Mission: ACR is the nation''s first National Cat Protection Association. Cats are the most popular companion animal, yet they still face many dangers and much misinformation is spread about cat predation and humane control of feral cat colonies. ACR provides scientific & medical information on all aspects of cat health, behavior problems, cat predation, rabies control, zoonotic diseases. ACR is a world leader in TNR for feral colonies, and the foremost experts in feral cat behavior and humane management of stray and feral cats. The main focus of ACR is to help all cats: stray, feral and wild--ACR assists the international community and has worked in Mexico and South Africa, as our TNR Handbook is being translated into Korean to help TNR programs in that country. We have helped cats in Israel, Australia, and other countries.
Results: Each year we place about 200-250 cats into loving homes and spay/neuter around 450 cats.
Programs: ACR works on several fronts: locally we help feral and stray cats in our own backyard in the D.C. Metropolitan area. ACR rescues stray and abandoned cats, provides vet. care and sterilization, and finds them good homes.We trap and TNR feral cats.Nationally, ACR provides educational materials on all aspects of caring for domestic Housecats and feral cats.ACR promotes early-age sterilization and neuter-before-adoption, ensuring that ALL cats placed in homes are sterilized first.ACR runs national C.A.T. programs--volunteer Cat Action Teams all across the country provide help to the public to care for strays and ferals in their neighborhoods to reduce the overpopulation of cats across the United States.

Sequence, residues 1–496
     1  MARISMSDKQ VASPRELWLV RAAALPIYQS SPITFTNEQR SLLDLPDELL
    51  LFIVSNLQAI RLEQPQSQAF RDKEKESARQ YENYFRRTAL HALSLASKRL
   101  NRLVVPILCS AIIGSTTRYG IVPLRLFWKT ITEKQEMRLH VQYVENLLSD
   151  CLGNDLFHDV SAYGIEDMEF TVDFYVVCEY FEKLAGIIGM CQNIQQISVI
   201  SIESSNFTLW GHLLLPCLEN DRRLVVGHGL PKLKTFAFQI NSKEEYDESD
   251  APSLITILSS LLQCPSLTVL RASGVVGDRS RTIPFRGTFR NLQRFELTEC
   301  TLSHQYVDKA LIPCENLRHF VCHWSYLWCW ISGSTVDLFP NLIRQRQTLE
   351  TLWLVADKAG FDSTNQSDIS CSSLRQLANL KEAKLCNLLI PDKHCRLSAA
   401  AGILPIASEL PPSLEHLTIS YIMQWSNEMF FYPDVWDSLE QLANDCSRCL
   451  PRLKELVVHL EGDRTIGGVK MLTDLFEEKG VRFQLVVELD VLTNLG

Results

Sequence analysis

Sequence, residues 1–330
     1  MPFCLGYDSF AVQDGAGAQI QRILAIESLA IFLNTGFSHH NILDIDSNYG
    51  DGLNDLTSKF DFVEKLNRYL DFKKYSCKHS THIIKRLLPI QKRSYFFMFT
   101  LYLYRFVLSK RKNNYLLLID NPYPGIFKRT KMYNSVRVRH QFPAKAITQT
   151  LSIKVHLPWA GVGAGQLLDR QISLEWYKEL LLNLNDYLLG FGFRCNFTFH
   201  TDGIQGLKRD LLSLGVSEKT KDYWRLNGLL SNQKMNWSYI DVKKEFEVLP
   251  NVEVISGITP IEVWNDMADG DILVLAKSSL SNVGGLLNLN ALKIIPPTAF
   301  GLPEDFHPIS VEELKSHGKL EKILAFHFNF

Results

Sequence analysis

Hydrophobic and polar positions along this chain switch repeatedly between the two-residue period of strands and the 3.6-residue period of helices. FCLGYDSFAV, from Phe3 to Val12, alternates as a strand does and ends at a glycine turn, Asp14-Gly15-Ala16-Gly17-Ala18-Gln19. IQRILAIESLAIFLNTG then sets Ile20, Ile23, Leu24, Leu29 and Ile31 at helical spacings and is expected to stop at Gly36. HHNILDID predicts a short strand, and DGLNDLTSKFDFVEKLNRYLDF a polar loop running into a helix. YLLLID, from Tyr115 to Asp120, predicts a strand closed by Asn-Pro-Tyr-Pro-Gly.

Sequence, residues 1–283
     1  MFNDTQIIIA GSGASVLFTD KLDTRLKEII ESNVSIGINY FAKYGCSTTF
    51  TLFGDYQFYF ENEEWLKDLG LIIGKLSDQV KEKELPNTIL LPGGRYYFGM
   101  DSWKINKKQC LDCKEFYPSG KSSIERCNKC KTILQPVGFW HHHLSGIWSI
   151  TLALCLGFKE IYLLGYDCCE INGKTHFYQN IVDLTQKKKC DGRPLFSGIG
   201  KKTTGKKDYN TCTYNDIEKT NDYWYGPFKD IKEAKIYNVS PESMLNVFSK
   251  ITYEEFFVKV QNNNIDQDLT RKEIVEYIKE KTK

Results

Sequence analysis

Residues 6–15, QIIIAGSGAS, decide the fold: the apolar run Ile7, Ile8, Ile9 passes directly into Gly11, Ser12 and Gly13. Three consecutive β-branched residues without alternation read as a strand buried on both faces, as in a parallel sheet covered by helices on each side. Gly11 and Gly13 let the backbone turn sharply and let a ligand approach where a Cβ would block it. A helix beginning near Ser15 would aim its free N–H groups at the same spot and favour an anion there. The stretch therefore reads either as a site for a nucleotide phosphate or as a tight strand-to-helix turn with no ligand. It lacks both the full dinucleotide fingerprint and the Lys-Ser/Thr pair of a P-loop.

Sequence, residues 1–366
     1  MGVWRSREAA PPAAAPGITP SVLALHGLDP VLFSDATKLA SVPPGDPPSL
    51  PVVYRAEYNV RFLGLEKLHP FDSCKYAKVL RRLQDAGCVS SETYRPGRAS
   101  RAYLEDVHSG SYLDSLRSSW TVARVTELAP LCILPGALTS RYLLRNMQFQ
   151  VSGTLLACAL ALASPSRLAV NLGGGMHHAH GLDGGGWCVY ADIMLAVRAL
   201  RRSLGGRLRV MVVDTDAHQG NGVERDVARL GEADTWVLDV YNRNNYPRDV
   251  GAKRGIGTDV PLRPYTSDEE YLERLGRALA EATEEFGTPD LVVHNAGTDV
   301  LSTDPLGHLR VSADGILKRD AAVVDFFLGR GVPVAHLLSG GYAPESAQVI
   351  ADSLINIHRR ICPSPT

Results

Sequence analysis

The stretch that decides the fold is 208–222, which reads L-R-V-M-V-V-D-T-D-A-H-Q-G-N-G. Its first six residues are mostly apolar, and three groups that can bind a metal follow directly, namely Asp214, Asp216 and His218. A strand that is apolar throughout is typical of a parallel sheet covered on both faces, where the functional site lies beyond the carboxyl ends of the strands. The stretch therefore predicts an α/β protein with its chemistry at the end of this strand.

This is a charity that really cares about cats. It was a pioneer in introducing the trap-neuter-return for feral cats. They have since asked vets to spay or neuter two feral cats for free on April 27th (which is Feral Cat Spay Day.) So far 600 vets from 42 states have sterilized over 4300 cats. They also maintain a shelter for cats and take good care of their cats and work hard to find homes for them. M. Rosenman
I live in a wooded area on a road that people typically abandon their unwanted cats. Fall brings an influx of cats as people returning from the shore often abandon their "summer house" cats before moving back home. One year there were sixteen cats and I reached out to Alley Cat to see if they would assist with low cost spaying and neutering by either negotiating with a clinic or providing some funds to help defray costs. Several letters to them went unanswered, but they did put me on their mailing list in an attempt to solicit donations. I found a neutering clinic willing to provide the service at a discounted rate and needless to say I file Alley Cat fundraising letters in the trash.